The s-xualisation of children — and more specifically, girls — has been a big topic over the last month or so. From the frivolous to the serious, it seems a tipping point has been reached.

Now to work out just what it means.

  • Beyonce’s booty in hot water.

    Parents everywhere — well in the US — were incensed by the ads for pop star Beyonce’s kids range, Dereon (more like Pimp my Kid). The publicity shots had been around for over six months, but there was an inexplicable  resurgence in criticism.

    “What is the next ad going to look like?” asked PopGumbo. “Babies wearing gold metallic bikinis while five-year old boys throw Monopoly money on them. Let our children be damn children at least ’till the age of 8. Then they can worry about bikini waxes and putting out.”

  • Fashion Week comes of age.

    14-year-old Polish model Monika Jagaciak was due to headline at Australian Fashion Week — until controversy about her age forced producers to replace her with Mischa Barton. Fashion Week has put a new rule in place to stem criticism: models must be 16+ — age not size — to participate.

  • Disney#1: Miley’s back.

    Disney star Miley Cyrus — Hannah Montana’s alter ego — is photographed for Vanity Fair by Annie Leibovitz with a shot that sparks furore. Wrapped in a sheet looking mildly dishevelled, Cyrus’s naked back is revealed. (Is anyone else thinking, forget nudity, give the girl a burger?)

    Salon‘s Rebecca Traister nailed the hypocrisy of society’s outcry over the pics: “…come on — in a world in which we market push-up bras (and “Cheetah Girls“!) to preadolescents and ‘tweens, in which Vanity Fair throws naked or lingerie-encased women on its covers whenever possible — are we really so appalled by the sight of a less-clad-than-usual 15-year-old who has already been packaged, marketed and unrelentingly sold, sold and sold to America’s daughters?”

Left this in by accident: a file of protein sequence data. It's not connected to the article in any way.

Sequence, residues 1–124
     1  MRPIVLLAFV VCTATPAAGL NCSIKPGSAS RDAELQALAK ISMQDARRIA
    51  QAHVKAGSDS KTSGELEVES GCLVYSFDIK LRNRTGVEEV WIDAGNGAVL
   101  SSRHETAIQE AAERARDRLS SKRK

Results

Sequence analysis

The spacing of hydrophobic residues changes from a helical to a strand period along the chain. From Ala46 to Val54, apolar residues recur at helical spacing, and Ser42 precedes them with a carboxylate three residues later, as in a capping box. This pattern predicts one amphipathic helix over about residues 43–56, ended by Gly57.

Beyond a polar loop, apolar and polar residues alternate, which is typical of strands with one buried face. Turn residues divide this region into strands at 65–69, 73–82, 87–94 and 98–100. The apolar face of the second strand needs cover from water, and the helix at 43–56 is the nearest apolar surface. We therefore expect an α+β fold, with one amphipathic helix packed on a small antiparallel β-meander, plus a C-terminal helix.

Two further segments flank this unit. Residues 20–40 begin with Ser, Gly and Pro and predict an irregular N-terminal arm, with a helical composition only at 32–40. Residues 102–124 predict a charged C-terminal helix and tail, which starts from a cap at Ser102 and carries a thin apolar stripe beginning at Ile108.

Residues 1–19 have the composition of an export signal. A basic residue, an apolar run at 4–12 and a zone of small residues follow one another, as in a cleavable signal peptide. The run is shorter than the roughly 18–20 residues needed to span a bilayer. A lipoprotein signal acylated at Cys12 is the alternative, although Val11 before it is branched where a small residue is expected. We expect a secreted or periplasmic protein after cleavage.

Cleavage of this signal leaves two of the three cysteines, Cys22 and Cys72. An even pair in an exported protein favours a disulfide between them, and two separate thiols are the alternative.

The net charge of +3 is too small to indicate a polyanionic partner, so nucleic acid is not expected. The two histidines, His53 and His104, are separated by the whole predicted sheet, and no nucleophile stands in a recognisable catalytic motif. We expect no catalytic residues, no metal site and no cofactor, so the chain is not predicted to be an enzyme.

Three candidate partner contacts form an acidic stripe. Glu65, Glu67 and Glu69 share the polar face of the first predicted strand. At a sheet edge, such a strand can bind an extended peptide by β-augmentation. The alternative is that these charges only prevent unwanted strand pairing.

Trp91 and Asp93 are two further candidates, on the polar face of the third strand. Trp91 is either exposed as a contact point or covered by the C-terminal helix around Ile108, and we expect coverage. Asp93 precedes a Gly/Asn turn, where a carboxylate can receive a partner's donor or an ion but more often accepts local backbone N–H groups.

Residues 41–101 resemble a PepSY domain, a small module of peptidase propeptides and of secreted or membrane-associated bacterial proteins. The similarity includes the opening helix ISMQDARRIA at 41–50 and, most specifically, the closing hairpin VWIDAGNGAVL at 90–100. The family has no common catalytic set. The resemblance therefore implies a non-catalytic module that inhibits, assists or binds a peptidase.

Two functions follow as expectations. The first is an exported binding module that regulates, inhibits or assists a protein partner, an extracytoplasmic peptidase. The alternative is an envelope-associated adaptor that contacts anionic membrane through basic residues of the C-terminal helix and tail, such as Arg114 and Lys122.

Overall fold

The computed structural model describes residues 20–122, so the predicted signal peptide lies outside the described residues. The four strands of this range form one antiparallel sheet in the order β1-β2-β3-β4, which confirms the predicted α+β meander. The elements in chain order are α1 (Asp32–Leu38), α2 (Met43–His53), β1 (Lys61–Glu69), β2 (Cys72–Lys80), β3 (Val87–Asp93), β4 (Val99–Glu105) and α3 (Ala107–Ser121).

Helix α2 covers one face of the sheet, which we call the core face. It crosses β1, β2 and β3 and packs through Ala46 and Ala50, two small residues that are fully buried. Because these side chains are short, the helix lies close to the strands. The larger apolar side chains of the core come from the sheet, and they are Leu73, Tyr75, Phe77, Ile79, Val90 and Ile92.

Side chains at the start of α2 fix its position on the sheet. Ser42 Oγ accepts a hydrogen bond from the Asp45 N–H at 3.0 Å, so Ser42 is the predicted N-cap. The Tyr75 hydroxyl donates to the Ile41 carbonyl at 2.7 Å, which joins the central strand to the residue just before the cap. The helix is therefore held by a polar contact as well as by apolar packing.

• Disney#2: Big Trouble in Little China.

    Disney, quick to condemn the Cyrus shots, should probably have checked its own record first.

    Slate burst the bubble: “Staring down at the throngs of shoppers on Beijing’s Xinjiekou Nandajie Avenue, a busy commercial thoroughfare about a mile west of the Forbidden City, was a white girl who looked all of 12, reclining in a matching bra-and-panties set adorned with Disney’s signature mouse-ear design. In a particularly creepy detail, the pigtailed child was playing with a pair of Minnie Mouse hand puppets. In the upper left-hand corner was the familiar script of the Disney logo.”

  • David Jones drops its suit.

    David Jones Limited dropped its landmark case (reported in Crikey) against The Australia Institute and former executive director Clive Hamilton over the institute’s controversial 2006 paper “Corporate paedophilia — s-xualising children by advertising and marketing”, which nominated the company (alongside Myer) as guilty of producing s-xualised images.

  • Growing up S-x and the City: A fizzer of a furore.

    The s-x-peddling show — now on publicity rounds for a new movie — turned one 14-year-old into a hussy, reported America’s ABC News. “Carrie smoked, so I smoked, Samantha looked at hooking up with random people as not a big deal, so that’s what I did too,” said Lisa, now 22. “It wasn’t S-x and the City ‘s fault. I love the show, but I think it made it a little easier to justify my behavior.”

    Lisa is now a Morman whose husband forbade her to watch the show for a year for fear she would slide back into sin. We’re not sure S-x and the City is the problem.

  • Australia’s homegrown controversy.

    Last Thursday, Miranda Devine wrote in horror of the invitation for Bill Henson’s show at Roslyn Oxley9 Gallery, which “features a large photo of a girl, the light shining on her hair, eyes downcast, dark shadows on her sombre, beautiful face, and the budding breasts of puberty on full display, her hand casually covering her crotch.” A complaint was made to police. They duly seized the pics, sparking the biggest mainstream discussion of art in Australia since… P-ss Christ. As yet, still no resolution to the question: What is art?

Peter Fray

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